Real transformation within families, groups of friends, communities, corporations, institutions, governments, and communities of faith is an inside job. Change is found in the smallest choices we make every day about how we treat each other.
Too often, quoting the Bible to someone serves as the easy way out. The way to either end a conversation, trump whatever else the other person has to say, or provide a quick "comfort" so we can then move along. The Bible should not be used this way.
It's really simple: The homosexual agenda, indeed the LGBTQ agenda, is the human agenda: life, liberty and the pursuit of happiness. If you oppose that, then you are a bigot, even if you believe that the creator of the universe agrees with you.
Robert's question was indeed quick: "Does this word condemn me?" But the answer is one that the experts still disagree on. The Greek word in question, "arsenokoites," has bedeviled translators for centuries, and I doubt it will ever be settled, but let's take a look at it.
Although Seventh-day Adventist institutions of higher education do not suspend or expel LGBT students like some religiously affiliated institutions do, there is still little to no official support for this community. Why is that?
Years of counseling, desperate attempts to pray my gay away, countless hours reading resources and seeking solidarity through the infamous Exodus International and a biblical theology degree later, I found myself crumbling under the weight of an existential crisis.
A few years ago I was introduced to the concept of queer theology. I was inspired to share some of what I've learned from one of my favorite queer theologians, Peterson Toscano, in poem form.
It amazes me how many of my dear friends in the South perceive this one sin as a conscious choice, but not the other 660-plus sins listed in the Bible. All anti-gay arguments are based solely on personal prejudice, and this is easy to prove.
I have recently been informed that I am being asked to leave my university teaching post of 15 years for "violating Christian values" as a Christian theology professor and ordained minister who identifies as transgender.
As a person who has characteristics of both of the conventional binary genders, I cannot help but embrace the creation account not as a principle that exclusively upholds heterosexuality but as an affirmation of the importance and blessedness of human partnership.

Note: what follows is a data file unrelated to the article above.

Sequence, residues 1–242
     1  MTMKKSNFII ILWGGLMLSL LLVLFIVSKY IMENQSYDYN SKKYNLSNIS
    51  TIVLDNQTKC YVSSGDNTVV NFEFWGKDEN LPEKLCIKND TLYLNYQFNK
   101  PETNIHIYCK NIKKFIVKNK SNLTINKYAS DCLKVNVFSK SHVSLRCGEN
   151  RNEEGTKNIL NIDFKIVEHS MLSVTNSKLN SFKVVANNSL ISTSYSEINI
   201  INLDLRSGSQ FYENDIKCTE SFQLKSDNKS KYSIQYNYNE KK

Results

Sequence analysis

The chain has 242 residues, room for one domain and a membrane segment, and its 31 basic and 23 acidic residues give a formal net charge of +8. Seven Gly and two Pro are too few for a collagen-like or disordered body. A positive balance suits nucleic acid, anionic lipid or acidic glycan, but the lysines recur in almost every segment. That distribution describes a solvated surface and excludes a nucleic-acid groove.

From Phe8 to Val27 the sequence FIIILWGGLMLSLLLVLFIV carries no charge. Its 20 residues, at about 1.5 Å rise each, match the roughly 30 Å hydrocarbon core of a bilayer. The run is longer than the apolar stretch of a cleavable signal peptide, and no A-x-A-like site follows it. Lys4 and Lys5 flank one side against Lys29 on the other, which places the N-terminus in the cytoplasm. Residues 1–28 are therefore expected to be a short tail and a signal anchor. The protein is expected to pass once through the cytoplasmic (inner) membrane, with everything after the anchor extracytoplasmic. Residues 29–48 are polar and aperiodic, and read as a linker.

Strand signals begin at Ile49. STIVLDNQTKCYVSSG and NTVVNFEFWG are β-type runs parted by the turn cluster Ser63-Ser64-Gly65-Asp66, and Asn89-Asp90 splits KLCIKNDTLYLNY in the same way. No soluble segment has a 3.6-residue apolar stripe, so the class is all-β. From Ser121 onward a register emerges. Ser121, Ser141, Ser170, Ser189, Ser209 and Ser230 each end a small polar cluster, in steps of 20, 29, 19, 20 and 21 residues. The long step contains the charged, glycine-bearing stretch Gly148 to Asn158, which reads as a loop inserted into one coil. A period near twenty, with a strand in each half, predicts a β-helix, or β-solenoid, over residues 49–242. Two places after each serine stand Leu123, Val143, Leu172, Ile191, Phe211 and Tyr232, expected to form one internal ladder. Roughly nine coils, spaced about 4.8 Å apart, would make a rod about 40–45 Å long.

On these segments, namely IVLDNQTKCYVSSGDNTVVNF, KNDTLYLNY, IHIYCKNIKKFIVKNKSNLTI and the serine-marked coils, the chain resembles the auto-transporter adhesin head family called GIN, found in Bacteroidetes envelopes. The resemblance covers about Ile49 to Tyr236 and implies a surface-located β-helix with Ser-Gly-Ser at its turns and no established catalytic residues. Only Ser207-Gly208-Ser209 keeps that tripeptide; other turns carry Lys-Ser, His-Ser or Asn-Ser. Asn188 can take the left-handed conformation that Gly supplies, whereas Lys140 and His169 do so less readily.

When I first heard about Dan Savage's NALT ("Not All Like That") Christians Project, which features videos by Christians who are not anti-LGBT haters, I was very skeptical. In fact, I was so skeptical that I ignored it. But I had this niggling curiosity.
Lakeside Baptist Church in Hattiesburg, Miss., is hosting a conference led by Refuge461, an ex-gay "ministry." Members of GetEQUAL Mississippi, Walk Fellowship, and OMEGA Mississippi have organized a rally to send a message of love, acceptance, and hope to those attending this conference.
Although I'm not a Roman Catholic, it is time for me to go to confession and acknowledge that my fears may have been misplaced about Pope Francis.
Collectively we speak hundreds of languages, practice many religions and have a rich cultural diversity. And although most of us may hold family as an important value, we also have differing views on what a family entails.
Pope Francis' Catholic Church isn't abandoning its anti-LGBT beliefs; it's just going to talk about them less often. The pontiff's comments were a response to the shifting politics around LGBT issues, not a new policy of inclusion. They are, at most, a change of style, not one of substance.
Pope Francis continues to radically refocus the Catholic Church and, even as a non-Catholic, I am beginning to view him as a personal pastor.